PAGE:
I can't speak for anyone else, but I call anything in a tunnel a 'subway.' For example, there's no reason why a possible Eglinton line needs to use the exact same trains that the TTC runs along the YUS and B/D lines; they could use whatever light or commuter trains that Munich or Tokyo or wherever uses, but if it's underground for a significant portion (and any Eglinton line would have to be) I would call it the Eglinton subway line. The DRL would be at least partially underground so I call it a subway even though the actual trains it would use are almost irrelevent to me. If the RT ran underground, I'd call it a subway. If the GO trains ran underground, I'd call them subways. *senses railfans cringing*

  8. #143
    ahrvojic Guest

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    You must live in a terrible communist world, where you are told where you must live and work. Oh, but think about your social connections. You must think its bloody mutiny when when of your close social connections decides to move to a different nabe. If the eurpeans shared your beliefs, north america would never have been colonized, because forget 50 years, you can't expect people to enjoy a better living standard because of milleniums.
    This is nearly incomprehensible. The GTA is one single job market and economy, but unfortunately it's very difficult to get around and most people can't simply choose to work nearby, nor can they move every time they switch jobs. That's what I'm trying to explain to you.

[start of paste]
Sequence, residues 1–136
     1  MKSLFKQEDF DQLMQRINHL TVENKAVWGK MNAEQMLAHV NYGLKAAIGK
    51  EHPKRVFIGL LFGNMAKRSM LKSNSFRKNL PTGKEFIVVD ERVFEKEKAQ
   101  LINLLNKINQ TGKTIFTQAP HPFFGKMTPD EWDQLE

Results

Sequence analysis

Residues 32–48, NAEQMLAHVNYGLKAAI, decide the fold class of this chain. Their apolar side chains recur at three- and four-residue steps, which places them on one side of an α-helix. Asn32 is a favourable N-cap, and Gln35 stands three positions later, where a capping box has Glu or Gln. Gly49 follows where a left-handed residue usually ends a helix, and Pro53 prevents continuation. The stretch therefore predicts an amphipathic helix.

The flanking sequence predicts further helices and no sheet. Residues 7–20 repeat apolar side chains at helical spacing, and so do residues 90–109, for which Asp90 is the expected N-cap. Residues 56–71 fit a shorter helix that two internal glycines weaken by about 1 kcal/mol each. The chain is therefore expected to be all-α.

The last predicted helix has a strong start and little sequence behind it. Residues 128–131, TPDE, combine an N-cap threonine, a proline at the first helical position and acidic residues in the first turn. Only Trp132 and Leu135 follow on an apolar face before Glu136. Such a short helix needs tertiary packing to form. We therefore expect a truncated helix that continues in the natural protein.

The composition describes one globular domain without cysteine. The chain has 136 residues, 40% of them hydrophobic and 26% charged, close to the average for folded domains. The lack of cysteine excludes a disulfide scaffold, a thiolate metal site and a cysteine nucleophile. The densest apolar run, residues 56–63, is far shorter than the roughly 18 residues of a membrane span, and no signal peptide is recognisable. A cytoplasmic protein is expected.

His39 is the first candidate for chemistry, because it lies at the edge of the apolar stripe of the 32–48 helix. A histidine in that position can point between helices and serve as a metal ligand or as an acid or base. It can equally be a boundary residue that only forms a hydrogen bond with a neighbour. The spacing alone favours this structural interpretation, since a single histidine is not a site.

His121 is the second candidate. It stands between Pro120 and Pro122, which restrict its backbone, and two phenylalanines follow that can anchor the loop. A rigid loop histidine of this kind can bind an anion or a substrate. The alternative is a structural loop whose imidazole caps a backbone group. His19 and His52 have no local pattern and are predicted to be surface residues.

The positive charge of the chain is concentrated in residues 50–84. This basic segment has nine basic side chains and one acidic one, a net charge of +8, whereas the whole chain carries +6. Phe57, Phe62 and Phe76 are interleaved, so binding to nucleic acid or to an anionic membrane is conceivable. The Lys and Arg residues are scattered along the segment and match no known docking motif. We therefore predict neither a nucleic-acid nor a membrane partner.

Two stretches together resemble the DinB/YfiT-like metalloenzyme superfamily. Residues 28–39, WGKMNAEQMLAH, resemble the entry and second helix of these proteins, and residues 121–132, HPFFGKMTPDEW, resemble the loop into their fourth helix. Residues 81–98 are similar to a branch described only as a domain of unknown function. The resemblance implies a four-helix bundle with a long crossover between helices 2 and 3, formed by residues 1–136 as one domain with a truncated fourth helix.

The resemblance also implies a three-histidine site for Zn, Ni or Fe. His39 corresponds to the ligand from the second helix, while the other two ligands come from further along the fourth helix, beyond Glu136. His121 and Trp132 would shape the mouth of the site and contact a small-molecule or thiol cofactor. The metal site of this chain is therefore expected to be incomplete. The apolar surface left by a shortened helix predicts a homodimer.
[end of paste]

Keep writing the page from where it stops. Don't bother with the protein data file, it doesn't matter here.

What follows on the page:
Now I am confused. You agree that we shouldn't waste billions overserving these people in terms of cost benefit, but then you don't agree with not overserving these people?

    You are very contradictory. Fine, let people live wherever they want (which I agree - if they are prepared), and on the flip side, lets make sure we spend more money on transit vs. the cost of the related sprawl?
    No, I'm simply saying that the GTA is what it is and we have to deal with the problem as it stands today instead of crying over urban planning mistakes of the past and doing nothing in the meantime.

    My half-century remark you keep mentioning in this thread (but don't seem to understand) was referring to the various economic/political/social pressures and currents over that time that led to the emergence of the Toronto we know today. My point was that no single entity is solely responsible for how the city evolved and it's therefore unfair to rip on millions of people for living where they live, when in fact a complex web of external forces put them there in the first place and made it possible for them to stay, regardless of their personal choices or feelings on the matter.

    Your model of the world where every individual exists in a vacuum and makes selfish personal choices without any external forces or influences is a gross oversimplification.

  9. #144
    scarberiankhatru Guest

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    "If they had built the suburbs the same way and with the same densities of old Toronto then yes you could have had many more people living along subway lines. Not the exisiting ones but new ones that would have been built to handle this traffic. Instead we talk about subway lines through low industrial areas to regional malls. That is the issue."